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The Tamron 90mm f/2.8 macro lens is an amazingly good value for money, good quality lens, that is designed to fit all major SLR brands, (Canon, Nikon, Minolta, 4/3 etc). I will explain in this review the lens’ simplicity and quality.
When I first received this lens, it had been shipped from Hong Kong, it was alone in its box, however, and within it’s own leather case, which provided a surprising amount of support for the lens. The lens itself is of great quality, and it is very solid. To start with, it has a metal lens mount, which anyone with an SLR will now is a nice thing that is lacking on bundled, or cheaper lenses.
This means that attached to the SLR of choice, the lens feels powerful and purposeful. It isn’t a lightweight lens, however, for a macro, particularly at 90mm it is quite light, weighing in at around 400g. The main body of the lens feels as though it is made of a very solid plastic or more likely a metal, and feels great.
The focusing ring is one of the most solid feeling parts. It spins smoothly and has a very rugged rubber surface, which is comfortable and grippy, providing you with ample support. A feature that I particularly like is that, instead of having a switch to choose between manual focus and auto focus, you just pop the focusing ring back and forth. It feels solid and like it won’t break any time soon.
If I dropped this lens, of course I’d be worried. But I must say that, it is the least worried I’d be compared to my other lenses. It is very durable, and the front glass element is set back around about four centimetres into the lens itself meaning that it couldn’t fall onto the glass, unless maybe you conveniently dropped it onto a spike or something! However, the rear glass element is more exposed. If you were to drop it straight onto the back of the lens with no cap on it, I wouldn’t expect it to survive. This is the only weak point. However, you have to remember that very rarely are you going to be in a position for dropping a lens on it’s rear, with no cap on, from a great height, so I wouldn’t worry.
Overall, the lens feels incredibly durable, and is my most solid lens I own at the moment. It is wonderful to handle.
I’ve already kind of mentioned the size of the lens. It is impressively small and light. If you compare the lens to the Canon 100mm Macro lens, it appears microscopic. It is not even 10cm long, (when focused to infinity), and it is only 7cm wide at the widest point, and it only weighs 405g. If you compare this to the Canon 100mm, which is 12cm long, 8cm wide, and weighs 600g, nearly 200g more than the Tamron.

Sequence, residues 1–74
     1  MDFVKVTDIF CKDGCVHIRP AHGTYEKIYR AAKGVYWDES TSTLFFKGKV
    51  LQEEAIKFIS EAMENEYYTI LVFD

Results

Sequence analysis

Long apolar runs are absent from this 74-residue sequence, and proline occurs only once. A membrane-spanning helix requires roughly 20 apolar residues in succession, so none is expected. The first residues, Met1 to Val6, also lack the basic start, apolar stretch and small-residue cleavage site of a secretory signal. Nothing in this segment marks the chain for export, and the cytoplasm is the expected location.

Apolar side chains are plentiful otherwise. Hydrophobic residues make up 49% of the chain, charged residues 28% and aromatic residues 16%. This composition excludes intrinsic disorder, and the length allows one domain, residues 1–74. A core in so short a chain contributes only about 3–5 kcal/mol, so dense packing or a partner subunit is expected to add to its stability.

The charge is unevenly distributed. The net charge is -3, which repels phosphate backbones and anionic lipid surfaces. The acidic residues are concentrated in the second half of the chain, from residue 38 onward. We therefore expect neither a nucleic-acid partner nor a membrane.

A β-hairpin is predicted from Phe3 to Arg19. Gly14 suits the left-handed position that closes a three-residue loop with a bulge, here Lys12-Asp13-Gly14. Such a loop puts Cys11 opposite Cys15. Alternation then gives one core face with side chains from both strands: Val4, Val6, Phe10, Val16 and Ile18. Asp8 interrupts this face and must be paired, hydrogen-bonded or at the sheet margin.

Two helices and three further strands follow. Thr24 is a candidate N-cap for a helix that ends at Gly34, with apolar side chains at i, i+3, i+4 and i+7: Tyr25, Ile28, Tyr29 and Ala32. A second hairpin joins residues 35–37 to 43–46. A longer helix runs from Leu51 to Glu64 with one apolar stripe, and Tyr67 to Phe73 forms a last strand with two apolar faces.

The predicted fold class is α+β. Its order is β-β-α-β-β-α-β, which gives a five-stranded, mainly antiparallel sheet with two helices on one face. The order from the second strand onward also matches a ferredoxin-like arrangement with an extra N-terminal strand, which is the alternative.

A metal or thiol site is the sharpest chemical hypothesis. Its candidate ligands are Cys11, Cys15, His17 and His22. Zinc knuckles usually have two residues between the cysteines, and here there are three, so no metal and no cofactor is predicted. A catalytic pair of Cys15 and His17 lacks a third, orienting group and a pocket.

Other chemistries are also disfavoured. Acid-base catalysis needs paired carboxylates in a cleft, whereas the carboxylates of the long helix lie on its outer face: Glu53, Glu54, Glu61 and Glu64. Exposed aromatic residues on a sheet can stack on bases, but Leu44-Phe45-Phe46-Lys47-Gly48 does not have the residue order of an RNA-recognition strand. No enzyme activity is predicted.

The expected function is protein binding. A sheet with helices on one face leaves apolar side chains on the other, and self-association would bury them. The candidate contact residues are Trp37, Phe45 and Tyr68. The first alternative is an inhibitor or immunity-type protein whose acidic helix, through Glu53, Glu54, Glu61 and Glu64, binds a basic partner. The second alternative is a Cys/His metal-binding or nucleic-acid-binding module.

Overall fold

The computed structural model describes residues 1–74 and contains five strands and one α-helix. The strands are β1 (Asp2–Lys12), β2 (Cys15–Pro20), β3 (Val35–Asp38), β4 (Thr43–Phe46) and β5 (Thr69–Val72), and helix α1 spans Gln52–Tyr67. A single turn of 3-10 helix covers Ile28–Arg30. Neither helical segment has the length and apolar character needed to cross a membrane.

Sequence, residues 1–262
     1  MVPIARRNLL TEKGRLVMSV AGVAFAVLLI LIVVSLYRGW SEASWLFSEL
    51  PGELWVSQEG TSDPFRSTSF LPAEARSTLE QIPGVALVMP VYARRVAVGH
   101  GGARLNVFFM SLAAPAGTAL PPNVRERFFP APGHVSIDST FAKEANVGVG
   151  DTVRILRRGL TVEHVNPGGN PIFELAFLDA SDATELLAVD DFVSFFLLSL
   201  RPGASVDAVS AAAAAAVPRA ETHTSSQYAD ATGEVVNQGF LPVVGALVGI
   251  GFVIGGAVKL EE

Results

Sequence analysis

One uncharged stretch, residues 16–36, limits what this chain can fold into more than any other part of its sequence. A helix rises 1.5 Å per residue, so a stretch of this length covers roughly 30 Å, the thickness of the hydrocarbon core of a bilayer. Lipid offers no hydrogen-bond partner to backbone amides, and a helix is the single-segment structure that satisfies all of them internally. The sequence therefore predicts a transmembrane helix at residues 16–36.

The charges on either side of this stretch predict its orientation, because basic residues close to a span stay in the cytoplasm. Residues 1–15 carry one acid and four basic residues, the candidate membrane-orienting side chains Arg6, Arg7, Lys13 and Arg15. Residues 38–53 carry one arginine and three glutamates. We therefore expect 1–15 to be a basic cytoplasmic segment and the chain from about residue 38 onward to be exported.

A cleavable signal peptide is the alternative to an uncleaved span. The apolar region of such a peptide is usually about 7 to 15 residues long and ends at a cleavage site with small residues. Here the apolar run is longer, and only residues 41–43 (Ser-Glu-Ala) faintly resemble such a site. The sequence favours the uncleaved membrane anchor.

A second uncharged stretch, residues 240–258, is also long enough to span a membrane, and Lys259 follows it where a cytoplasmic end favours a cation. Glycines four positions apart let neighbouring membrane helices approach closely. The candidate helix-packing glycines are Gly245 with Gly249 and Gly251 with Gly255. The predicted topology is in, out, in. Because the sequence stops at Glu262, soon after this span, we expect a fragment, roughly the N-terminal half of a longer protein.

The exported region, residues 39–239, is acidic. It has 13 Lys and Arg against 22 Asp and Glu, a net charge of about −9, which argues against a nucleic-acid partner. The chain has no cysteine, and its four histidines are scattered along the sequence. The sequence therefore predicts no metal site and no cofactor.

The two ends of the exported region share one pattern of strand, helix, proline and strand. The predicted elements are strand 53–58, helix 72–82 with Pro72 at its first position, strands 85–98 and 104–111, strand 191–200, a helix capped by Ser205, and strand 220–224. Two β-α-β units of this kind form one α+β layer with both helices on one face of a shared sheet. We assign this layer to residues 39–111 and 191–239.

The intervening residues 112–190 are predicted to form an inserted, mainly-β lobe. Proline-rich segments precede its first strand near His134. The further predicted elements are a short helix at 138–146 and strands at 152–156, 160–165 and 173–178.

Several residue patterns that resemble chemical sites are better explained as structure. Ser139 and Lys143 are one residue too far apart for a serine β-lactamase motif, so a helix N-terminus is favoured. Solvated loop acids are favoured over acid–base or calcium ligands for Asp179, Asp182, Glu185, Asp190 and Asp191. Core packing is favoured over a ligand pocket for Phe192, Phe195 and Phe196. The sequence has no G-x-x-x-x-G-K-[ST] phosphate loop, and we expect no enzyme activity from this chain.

So, I think I’ve clearly displayed the compact size of this lens. However, when you are focusing at it’s closest, (29cm from the front of the glass), it is extended. And the extension of the lens is quite amazing, it practically doubles the length of the lens, which is a shame when it is so compact. This is probably why the Canon is so much bigger and heavier, because it focuses internally, so it doesn’t extend. However, I don’t feel that this is much of a problem, and it only becomes extremely long when you are focusing between around 33cm and 29cm.
This size and weight really complements a compact or medium DSLR, such as the 400D, or the Canon EOS 30D. It is evenly balanced and very comfortable. Overall, I’d say that I prefer the size and weight to the Canon, even if it extends, (I’ve had experience with both). And there is an even bigger advantage that I shall come to later.
Image Quality ==========
Not only does this lens provide itself in a surprisingly compact size, it is also impressive when it comes to image quality, or IQ. The lens is sharp wide open, (i.e. At the largest aperture, 2.8), which is unusual of a third party lens, and the sharpness really continues up until f/11, at which point it does begin to slide. However, not crucially, and right down to f/32 the lens is still perfectly usable.
Furthermore, the lens remains sharp, both at the centre of the image, and at the edges and corners, which can be the opposite in other lenses, and the images can be fine in the middle, and really quite soft and unclear at the edges, particularly the corners, but this lens does not suffer from this, and the IQ remains fairly constant throughout the image.
The colours are another fabulous aspect of this lens. You will find that it is bursting with perfect, real, colours, and it saturates them just enough to make it perfect, and you are left with amazingly vibrant images.
Overall, there is not that much detail to do with the IQ of the lens, just enough to say that it is nothing short of spectacular, particularly when you match that to what I will talk about next.
Value for Money ============
This lens is cheap, and I mean cheap considering what it can do. I purchased mine off of eBay, for £195, plus a £16 import fee. You will notice that I believe Ciao displays the best price as £280, but don’t pay that! You must check out the deals on eBay, as you will save yourself a lot.
Match this to the competition, the Canon 100mm Macro, which retails at about £350, which is verging on double the cost. And of course, the Tamron comes with things that the Canon most certainly doesn’t, such as a leather case, (probably another £15 on top of the lens with Canon), and more importantly a Hood, which is included with the Tamron, but is a £25 extra with the Canon!
I needn’t say much more about the value you get from this lens, it really is far superior in these respects to all the competition, and this I highly recommend this lens to anyone looking for a macro lens, that can focus down to 1:1, and doesn’t want to carry around something too heavy, or too expensive!